Students of a Salugpongan school hold class in a church in Davao City.
Save Our Schools release, file
Lumad schools suspended over 'recycled lies, unverified reports,' Karapatan says
(Philstar.com) - July 16, 2019 - 12:28pm

MANILA, Philippines — Human rights group Karapatan on Tuesday blamed National Security Adviser Hermogenes Esperon Jr. for the suspension order against 55 Lumad schools in the Davao region that he claims teach "left-leaning" ideologies.

The Department of Education suspension order—initially reported as a closure order— against schools of the Salugpungan Ta’Tanu Igkanogon Community Learning Center was criticized over the weekend, with activist groups saying it was based on unverified allegations of rebel recruitment.

The schools have been issued a show-cause order for them to address the allegations.

The Lumad schools were originally set up to serve indigenous peoples' communities in Geographically Isolated and Disadvantaged Areas—places that may be beyond the reach of government services.

"The Department of Education's order for the closure of (the) Lumad schools stems from the same false, unverified and malicious reports," Cristina Palabay, Karapatan secretary general said. She said the allegations were "like that of the proscription petition by the [Department of Justice] that included hundreds of individuals and aliases not vetted."

According to reports, the suspension order was issued based on a report by Esperon that the schools were teaching students to rebel against the government, an allegation that President Rodrigo Duterte also made in 2017, when he threatened to bomb Lumad schools.

"This government continuously shows us its propensity for condemning people and communities on the basis of 'lists' and unverified reports," Palabay said, claiming the information used to justify the school closures was "fed" by the military, police, and the National Intelligence Coordinating Agency.

"Esperon's accusations are recycled lies by militarist hawks who have derided schools that genuinely catered to members of indigenous communities by being pioneers in developing a curriculum that is truly appropriate and responsive to the needs of the community," Palabay also said.

RELATED: Belgian NGO: ALCADEV funding for growing greens, not raising Reds

SPARK: DepEd should see Lumad schools as partners

In a separate statement, Samahan ng Progresibong Kabataan—a group that is not affiliated with the national democratic activist movement—said it condemns the DepEd order, stressing the move was based on unfounded allegations.

"Instead of treating Salugpungan Ta’ Tanu Igkanogon Community Learning Centers as partners in the noble deed of educating the marginalized youth in far-flung communities, it is the DepEd that is easing them out when they have no personnel and facilities in these communities—miserably failing in their mandate despite the increase of allocation from the national budget," the group also said.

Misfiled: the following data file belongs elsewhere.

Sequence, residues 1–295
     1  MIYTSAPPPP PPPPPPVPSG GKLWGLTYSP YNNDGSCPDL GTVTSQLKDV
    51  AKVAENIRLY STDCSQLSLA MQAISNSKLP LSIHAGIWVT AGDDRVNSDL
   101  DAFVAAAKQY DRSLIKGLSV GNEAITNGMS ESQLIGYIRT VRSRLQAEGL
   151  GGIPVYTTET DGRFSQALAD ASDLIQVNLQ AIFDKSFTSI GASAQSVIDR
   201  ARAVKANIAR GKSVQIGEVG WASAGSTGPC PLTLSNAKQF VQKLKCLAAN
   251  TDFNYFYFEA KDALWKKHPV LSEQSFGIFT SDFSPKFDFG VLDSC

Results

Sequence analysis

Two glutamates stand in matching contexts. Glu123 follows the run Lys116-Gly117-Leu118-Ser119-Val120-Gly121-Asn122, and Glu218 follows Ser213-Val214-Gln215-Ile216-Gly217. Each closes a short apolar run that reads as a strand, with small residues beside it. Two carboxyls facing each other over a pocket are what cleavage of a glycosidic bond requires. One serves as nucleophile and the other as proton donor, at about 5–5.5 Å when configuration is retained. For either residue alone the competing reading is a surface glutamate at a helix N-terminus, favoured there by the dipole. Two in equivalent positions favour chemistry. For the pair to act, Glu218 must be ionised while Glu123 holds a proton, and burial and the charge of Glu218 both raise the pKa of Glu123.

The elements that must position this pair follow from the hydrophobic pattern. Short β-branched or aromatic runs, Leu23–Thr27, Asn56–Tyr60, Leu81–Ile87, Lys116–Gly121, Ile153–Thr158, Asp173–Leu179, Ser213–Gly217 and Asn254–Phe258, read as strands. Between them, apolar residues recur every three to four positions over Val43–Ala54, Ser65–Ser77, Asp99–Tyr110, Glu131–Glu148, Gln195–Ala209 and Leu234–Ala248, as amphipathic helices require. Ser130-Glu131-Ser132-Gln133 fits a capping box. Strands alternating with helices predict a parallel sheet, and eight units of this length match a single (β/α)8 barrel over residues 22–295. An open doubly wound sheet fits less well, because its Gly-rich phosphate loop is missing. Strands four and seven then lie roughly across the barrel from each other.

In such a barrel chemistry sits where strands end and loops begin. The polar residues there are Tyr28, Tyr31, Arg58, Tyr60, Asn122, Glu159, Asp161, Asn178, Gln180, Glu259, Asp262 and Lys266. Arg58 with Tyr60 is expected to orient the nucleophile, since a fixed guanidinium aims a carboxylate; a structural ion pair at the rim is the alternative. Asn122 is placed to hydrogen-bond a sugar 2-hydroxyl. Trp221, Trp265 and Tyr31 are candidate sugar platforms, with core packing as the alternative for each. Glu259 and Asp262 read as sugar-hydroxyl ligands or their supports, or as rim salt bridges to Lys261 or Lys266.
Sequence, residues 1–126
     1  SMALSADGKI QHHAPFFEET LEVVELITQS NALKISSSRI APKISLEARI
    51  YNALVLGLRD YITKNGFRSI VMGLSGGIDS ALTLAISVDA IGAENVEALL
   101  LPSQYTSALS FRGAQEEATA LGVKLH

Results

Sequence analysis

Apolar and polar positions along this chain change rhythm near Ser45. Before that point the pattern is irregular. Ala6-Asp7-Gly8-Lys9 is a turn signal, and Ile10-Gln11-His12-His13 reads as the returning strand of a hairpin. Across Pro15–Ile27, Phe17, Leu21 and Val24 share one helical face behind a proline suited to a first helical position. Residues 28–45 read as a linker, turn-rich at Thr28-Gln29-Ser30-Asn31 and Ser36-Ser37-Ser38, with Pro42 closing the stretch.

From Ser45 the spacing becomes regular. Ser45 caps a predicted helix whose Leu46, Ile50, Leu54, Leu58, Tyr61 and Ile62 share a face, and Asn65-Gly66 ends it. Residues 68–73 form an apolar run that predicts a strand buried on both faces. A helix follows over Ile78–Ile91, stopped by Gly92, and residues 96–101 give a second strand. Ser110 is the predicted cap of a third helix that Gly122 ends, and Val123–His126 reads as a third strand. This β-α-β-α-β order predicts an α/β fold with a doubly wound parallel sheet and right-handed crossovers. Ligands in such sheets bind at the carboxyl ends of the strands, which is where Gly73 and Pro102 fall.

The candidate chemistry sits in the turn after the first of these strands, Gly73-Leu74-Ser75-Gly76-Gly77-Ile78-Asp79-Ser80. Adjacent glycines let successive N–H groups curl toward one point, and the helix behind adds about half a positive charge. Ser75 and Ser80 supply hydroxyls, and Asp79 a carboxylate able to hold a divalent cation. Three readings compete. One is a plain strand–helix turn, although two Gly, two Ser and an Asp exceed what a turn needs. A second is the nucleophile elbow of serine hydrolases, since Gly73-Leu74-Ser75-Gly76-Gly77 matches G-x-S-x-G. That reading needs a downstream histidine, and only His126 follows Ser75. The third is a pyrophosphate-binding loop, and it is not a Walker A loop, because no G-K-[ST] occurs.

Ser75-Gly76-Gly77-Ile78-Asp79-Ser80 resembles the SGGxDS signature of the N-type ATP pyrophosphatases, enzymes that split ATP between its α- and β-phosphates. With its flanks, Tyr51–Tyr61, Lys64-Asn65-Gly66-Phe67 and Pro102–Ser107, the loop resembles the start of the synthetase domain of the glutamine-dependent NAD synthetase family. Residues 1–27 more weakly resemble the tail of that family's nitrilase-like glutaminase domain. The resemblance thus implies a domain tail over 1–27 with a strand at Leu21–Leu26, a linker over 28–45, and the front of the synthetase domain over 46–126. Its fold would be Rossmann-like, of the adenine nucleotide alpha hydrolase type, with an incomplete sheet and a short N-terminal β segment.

"The closure of Lumad schools also contradicts Duterte's whole-of-nation approach in addressing the decades-long insurgency issue. Don't they know that it is precisely the lack of social services that incites the poor to bear arms against an elitist, corrupt and incompetent government?" SPARK also said.

"Whole-of-nation" refers to the Duterte administration's strategy against the communist insurgency that has been running since the New People's Army was organized in 1969.

According to Executive Order No. 70, the "whole of nation" approach "addresses the root causes of insurgencies, internal disturbances and tensions, and other armed conflicts and threat by prioritizing and harmonizing the delivery of basic services and social development packages by the government, facilitating societal inclusivity, and ensuring active participants of all sectors of the society in the pursuit of peace agenda."

RELATED: DepEd urges Lumad school to adhere to operating permit's location restrictions

Briones: Schools do not meet DepEd requirements

Education Secretary Leonor Briones, in an interview on ANC on Monday, said the schools' operations have been suspended because they do not have permits to operate.

She said only 11 of the schools have applied for a new permit to operate for this year.

"Last year, none of the 55 were issued permits to operate because they could not comply with the requirements," she said. Among the requirements, she said, were having legally titled land for the school campus and having enough teachers.

"We have our own regulations, and we have been issuing permits for many private schools," she said, adding DepEd has already built schools in the areas that the Lumad schools serve, so students can instead go to those.

She said Esperon's report was just the latest in allegations against the Lumad schools.

"We have been receiving complaints from various groups, even from the local government and the peace and order council of Davao City asking us to close the schools," she said on ANC.

She said the decision on whether to do that or not is with the regional office. — Jonathan de Santos with The STAR/Artemio Dumlao in Baguio City

INDIGENOUS PEOPLES EDUCATION LUMAD SCHOOLS
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